That’s not the case for many children, so experts caution parents not to assume that there must be a certain food allergy to blame. Book an appointment with an allergist if you suspect your child has a pediatric allergy. Allergens such as pollen, dust, smoke, and pet dander can also irritate your child’s skin.
Taking a Look at Your Child’s Diet
Diet is one of the best ways to manage your child’s eczema. Choosing foods that are high in probiotics is crucial for promoting good skin and gut health. People with atopic dermatitis may suffer from a histamine overload, which can also cause a leaky gut. To improve digestion and eczema symptoms, try a low-histamine, spore-based probiotic and a balanced, low-histamine diet.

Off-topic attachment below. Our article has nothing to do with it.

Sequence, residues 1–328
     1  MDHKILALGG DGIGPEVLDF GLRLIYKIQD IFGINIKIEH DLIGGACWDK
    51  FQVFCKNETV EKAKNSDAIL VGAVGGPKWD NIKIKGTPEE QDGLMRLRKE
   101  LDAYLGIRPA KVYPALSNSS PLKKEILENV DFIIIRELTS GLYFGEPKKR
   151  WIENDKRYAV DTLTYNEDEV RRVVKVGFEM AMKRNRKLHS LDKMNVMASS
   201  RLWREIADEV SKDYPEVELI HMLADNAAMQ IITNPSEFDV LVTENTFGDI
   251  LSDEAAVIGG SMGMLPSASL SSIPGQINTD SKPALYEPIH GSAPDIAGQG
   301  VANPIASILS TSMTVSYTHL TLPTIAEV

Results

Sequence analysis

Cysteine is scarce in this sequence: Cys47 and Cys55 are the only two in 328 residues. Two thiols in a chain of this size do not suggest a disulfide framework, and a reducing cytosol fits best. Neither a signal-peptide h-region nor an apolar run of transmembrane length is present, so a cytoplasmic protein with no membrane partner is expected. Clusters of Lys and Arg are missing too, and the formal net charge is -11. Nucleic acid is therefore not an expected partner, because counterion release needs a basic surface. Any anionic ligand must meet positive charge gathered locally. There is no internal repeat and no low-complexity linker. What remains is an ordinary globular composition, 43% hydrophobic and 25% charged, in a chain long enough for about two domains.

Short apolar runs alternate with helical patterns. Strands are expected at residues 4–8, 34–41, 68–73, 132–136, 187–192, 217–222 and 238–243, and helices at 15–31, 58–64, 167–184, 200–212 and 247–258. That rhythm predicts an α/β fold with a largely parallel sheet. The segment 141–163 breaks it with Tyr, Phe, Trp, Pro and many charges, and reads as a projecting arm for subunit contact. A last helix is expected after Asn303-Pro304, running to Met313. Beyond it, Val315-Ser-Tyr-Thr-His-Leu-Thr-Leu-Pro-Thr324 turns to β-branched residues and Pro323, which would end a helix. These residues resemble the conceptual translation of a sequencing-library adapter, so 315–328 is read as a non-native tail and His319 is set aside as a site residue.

High-histamine foods to avoid when your baby has eczema
Avoid high-histamine foods:
- Citrus fruits
- Cured meats
- Aged cheeses
- Artificial preservatives and dyes
Choose low-histamine foods:
- Most fresh fruits and veggies
- Meats, and fish
Go for these low histamine food if your baby has eczema
To read more about how histamine intolerance could be impacting your child’s skin condition, we recommend starting here. Some people also have success with eliminating gluten. Always talk to your child’s doctor before eliminating food groups or choosing a probiotic.
Manage Temperature at Home
Cold, dry air and low humidity can easily dry out your skin. You know how scaly and rough your skin feels in the winter? It’s even worse for kids with eczema, who tend to get extra itchy, irritated skin in cold weather. Also, while cold weather dries out skin, so does central heating. While it may seem like cranking up the heat will combat cold weather dryness, it’s not the case.